Thoracentesis

Water or fluid around the lung (pleural fluid) is abnormal and may represent a disease in the chest or other parts of the body. A chest x-ray or CT scan of the chest usually establishes the presence of abnormal fluid in the chest. Thoracentesis is a procedure performed by a doctor to sample and/or remove fluid from around the lung. Your consent or permission is required for us to perform this procedure.

Thoracentesis is done to relieve shortness of breath from fluid build-up around the lung. Testing is performed on the fluid build-up around the lung. Moderate to large amounts of fluid around the lung can decrease the lung’s ability to function and expand. This can cause shortness of breath during physical activity or while lying down. Removing the fluid from around the lung may allow the lung to re-expand and function better.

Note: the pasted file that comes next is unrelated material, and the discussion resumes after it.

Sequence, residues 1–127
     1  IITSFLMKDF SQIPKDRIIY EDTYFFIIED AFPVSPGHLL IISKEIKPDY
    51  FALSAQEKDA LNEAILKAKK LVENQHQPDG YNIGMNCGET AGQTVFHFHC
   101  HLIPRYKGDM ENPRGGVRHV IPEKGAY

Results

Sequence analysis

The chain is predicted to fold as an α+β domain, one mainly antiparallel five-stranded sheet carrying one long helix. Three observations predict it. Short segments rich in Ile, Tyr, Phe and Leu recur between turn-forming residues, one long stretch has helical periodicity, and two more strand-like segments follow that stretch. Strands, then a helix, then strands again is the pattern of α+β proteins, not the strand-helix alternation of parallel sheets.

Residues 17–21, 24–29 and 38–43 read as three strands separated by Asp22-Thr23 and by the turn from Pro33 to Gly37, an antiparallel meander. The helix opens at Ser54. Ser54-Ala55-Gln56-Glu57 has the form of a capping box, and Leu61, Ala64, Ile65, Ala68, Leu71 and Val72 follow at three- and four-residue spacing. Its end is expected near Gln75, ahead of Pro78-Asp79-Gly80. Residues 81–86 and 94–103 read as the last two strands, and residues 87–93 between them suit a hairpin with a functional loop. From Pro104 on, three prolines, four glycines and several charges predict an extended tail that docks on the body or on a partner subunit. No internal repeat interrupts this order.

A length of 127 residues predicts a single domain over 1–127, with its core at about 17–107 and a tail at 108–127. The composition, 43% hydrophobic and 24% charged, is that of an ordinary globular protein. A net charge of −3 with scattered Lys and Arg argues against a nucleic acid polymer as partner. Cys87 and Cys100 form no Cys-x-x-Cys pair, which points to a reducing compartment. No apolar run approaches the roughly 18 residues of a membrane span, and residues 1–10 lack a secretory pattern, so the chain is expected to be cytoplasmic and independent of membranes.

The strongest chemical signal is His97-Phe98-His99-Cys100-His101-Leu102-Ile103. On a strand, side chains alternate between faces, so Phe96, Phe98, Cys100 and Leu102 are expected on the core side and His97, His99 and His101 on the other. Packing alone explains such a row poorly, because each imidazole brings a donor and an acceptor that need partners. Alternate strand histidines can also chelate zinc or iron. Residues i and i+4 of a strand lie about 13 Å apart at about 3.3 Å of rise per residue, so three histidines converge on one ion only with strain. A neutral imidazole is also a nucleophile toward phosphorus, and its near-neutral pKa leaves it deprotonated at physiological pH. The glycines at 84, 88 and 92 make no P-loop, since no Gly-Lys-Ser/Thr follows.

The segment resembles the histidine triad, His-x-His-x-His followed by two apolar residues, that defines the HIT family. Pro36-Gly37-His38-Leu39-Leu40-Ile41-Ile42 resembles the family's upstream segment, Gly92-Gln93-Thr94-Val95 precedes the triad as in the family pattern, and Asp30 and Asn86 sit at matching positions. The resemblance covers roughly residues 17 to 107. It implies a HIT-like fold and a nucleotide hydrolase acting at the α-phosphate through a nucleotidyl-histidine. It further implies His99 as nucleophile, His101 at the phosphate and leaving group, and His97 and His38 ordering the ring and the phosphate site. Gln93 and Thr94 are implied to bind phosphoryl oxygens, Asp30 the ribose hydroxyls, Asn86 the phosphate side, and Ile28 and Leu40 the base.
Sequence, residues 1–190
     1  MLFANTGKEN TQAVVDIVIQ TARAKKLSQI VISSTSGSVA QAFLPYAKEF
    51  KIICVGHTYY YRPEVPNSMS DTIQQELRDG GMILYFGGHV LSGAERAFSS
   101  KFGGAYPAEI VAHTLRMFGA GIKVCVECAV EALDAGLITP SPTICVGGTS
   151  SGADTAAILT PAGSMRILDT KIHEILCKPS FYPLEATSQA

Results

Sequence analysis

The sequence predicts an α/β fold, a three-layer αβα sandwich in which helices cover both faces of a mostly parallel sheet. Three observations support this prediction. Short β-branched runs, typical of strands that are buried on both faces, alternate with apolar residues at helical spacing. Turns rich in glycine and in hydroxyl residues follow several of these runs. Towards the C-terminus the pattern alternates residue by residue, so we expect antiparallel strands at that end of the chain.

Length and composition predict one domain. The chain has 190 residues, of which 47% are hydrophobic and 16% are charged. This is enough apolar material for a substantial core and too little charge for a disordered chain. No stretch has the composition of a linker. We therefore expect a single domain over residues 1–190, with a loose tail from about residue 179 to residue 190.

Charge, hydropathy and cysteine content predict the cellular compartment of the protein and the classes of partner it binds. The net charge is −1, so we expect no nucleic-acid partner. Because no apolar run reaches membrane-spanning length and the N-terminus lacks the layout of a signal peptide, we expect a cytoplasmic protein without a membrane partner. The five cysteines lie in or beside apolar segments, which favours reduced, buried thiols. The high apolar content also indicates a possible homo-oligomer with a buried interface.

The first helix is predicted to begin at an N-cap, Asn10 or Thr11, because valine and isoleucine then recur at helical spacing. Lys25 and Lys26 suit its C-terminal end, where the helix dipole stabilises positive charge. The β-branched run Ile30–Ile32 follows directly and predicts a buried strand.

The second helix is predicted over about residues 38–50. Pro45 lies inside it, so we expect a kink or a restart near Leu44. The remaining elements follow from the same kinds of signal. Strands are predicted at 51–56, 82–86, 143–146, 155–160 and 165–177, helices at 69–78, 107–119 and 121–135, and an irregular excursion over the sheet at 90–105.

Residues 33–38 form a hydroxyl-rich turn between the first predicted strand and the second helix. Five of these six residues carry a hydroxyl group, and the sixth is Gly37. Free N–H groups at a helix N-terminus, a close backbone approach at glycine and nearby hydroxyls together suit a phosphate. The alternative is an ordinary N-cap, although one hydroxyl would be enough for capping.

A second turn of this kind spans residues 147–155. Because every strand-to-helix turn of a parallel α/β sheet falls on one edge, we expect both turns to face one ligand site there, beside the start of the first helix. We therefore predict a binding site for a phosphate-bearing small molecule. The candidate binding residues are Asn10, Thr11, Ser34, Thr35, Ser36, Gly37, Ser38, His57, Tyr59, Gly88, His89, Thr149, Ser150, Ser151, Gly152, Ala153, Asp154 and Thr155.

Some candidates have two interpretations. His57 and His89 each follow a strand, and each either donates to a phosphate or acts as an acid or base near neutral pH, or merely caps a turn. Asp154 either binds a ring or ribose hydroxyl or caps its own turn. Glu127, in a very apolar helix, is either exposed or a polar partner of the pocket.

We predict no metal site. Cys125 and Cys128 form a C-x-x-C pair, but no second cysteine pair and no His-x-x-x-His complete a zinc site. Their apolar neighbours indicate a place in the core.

During the procedure the staff will position you for this procedure that will typically require 15-30 minutes. Be sure to inform the staff if you are taking blood-thinning medications such as Coumadin, aspirin, etc. You should be free from these drugs for at least 5-7 days. The doctor will inject a small amount of local anesthetic under the skin to numb the area. You may feel a slight stinging when the medication is injected. The doctor will place a small, thin needle into your chest to remove the fluid. As the lung re-expands toward the end of the procedure, you may experience mild tightness in the chest or coughing. Your vital signs will be measured and monitored during the procedure. Your doctor may recommend that you have a chest x-ray after the thoracentesis procedure. If so, you will need to wait at the hospital until after the chest x-ray is reviewed. This x-ray will show any possible lung collapse that may have resulted from the procedure.